Superintendent's Notebook: Make it your mantra: Never give up
Courtney was a dropout. Recently, she received notification of her college acceptance – and she will graduate from Portland High School in June. Quite a turnaround for a young woman who did not look like she was going to make it through high school, much less be accepted to college.
Never give up! Courtney was not successful in her freshman year. She skipped a lot of school and, as a result, she was struggling. One of Portland’s social workers, Sophie Payson-Rand, made several home visits and began building a relationship with Courtney.
Beth Arsenault, Portland High School’s alternative education teacher, reached out to Courtney to try to convince her how important high school would be to her. But Courtney was struggling with the circumstances of her life. Both adults worked hard to reach Courtney and kept the connection alive. They eventually succeeded in persuading her to participate in a cognitive-behavioral group.
Never give up! Courtney’s sophomore year started no better than her freshman year. Often, young teens direct their frustration and anger outward. Courtney was angry because she was held back due to lack of credits. In the first half of her sophomore year, she continued to struggle.
The two professionals kept reaching out and magic happened. Courtney realized that she was in charge of her life and she could make better decisions. She did take charge and she did make better decisions. In the second half of 10th grade, Courtney decided to go to school everyday, work incredibly hard and even do the work she had missed in her freshman year. The Alternative Ed program at Portland High School became her sanctuary. She attended summer school and continued to work on missed freshman year studies.
Never give up! Courtney’s junior year was far different than her lost freshman year and the mixed performance of her sophomore year. She spent far less time in alternative ed and far more time taking courses with the rest of her classmates. Arsenault invited her to be in Portland’s Reconnecting Youth class, designed to assist students who are failing out or at risk of dropping out. Courtney became a fellow student advocate, a leader and a respected resource on students’ issues for Arsenault and Payson-Rand.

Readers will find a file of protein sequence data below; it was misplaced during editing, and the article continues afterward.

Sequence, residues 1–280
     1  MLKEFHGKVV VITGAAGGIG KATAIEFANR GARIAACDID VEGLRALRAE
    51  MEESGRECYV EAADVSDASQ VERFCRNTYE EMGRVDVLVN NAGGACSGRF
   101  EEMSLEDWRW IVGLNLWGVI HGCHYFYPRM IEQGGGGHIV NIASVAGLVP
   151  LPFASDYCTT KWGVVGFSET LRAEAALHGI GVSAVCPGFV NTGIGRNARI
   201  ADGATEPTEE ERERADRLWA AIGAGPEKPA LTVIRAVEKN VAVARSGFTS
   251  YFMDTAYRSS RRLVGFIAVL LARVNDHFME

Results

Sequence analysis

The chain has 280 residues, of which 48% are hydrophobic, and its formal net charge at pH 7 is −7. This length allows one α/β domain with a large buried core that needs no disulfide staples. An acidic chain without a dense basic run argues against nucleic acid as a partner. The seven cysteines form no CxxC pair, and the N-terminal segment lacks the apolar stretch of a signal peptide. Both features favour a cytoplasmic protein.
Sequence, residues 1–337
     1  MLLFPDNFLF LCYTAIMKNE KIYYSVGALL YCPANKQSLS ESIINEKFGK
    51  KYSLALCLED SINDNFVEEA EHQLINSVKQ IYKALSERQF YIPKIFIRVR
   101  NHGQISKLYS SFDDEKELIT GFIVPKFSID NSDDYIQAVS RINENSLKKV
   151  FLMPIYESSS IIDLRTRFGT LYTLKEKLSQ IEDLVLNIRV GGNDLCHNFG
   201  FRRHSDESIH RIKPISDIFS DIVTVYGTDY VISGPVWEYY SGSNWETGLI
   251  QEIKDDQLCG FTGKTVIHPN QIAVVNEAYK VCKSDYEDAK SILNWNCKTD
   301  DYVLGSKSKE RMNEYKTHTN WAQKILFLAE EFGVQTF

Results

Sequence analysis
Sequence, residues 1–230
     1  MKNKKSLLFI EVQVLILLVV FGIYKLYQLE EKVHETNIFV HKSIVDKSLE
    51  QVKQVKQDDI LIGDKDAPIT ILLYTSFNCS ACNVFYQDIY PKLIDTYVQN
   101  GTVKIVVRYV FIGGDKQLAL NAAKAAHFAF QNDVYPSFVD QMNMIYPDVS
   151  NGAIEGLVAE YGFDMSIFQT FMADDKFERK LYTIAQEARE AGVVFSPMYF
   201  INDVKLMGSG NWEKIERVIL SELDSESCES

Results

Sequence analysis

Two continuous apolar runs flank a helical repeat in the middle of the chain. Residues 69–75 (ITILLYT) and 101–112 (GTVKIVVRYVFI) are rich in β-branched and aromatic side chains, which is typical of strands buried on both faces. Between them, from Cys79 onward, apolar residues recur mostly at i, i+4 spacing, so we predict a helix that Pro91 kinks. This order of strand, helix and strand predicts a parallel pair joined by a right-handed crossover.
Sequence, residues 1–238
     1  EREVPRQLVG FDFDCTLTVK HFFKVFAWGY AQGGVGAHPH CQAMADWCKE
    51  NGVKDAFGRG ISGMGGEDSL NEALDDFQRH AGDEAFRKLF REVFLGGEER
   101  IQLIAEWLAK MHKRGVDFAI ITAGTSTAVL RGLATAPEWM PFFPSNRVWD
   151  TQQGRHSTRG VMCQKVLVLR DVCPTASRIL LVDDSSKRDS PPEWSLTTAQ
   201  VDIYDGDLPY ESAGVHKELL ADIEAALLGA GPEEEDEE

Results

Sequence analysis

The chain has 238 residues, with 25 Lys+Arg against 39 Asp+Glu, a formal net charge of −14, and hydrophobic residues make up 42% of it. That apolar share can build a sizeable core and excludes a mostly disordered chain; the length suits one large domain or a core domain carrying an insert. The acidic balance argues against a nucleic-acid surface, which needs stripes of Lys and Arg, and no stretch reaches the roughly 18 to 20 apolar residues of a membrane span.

Courtney was instrumental in organizing the youth voice portion of the statewide Dropout Prevention Summit held last summer in Orono. She has learned to share herself with others in greater need, in her high school and outside of Maine. She went to the Dominican Republic and worked on construction projects to help poor kids gain access to health clinics.
Never give up! Courtney has co-authored a book and helped to create a video addressing the negative issues associated with the term “dropout.” The video is posted on Portland High School’s Web site at blogs.portlandschools.org/tv3/vod/.
Courtney will not be happy with me as she reads this article because I’ve used the word “dropout” throughout. She strongly opposes the term as a misrepresentation with negative connotations.
Sorry, Courtney. I hope you understand that I needed to use the word because most people use it. Over time we may change the terminology to something that better describes students who struggle in school, leave and re-enter.
Dropout, struggling student, advocate, leader, author, videographer, workshop presenter and future college student all describe Courtney. What a turnaround.
Arsenault and Payson-Rand never gave up. More importantly, Courtney never gave up. Their example shows us that we must never give up on any of our young people in Portland.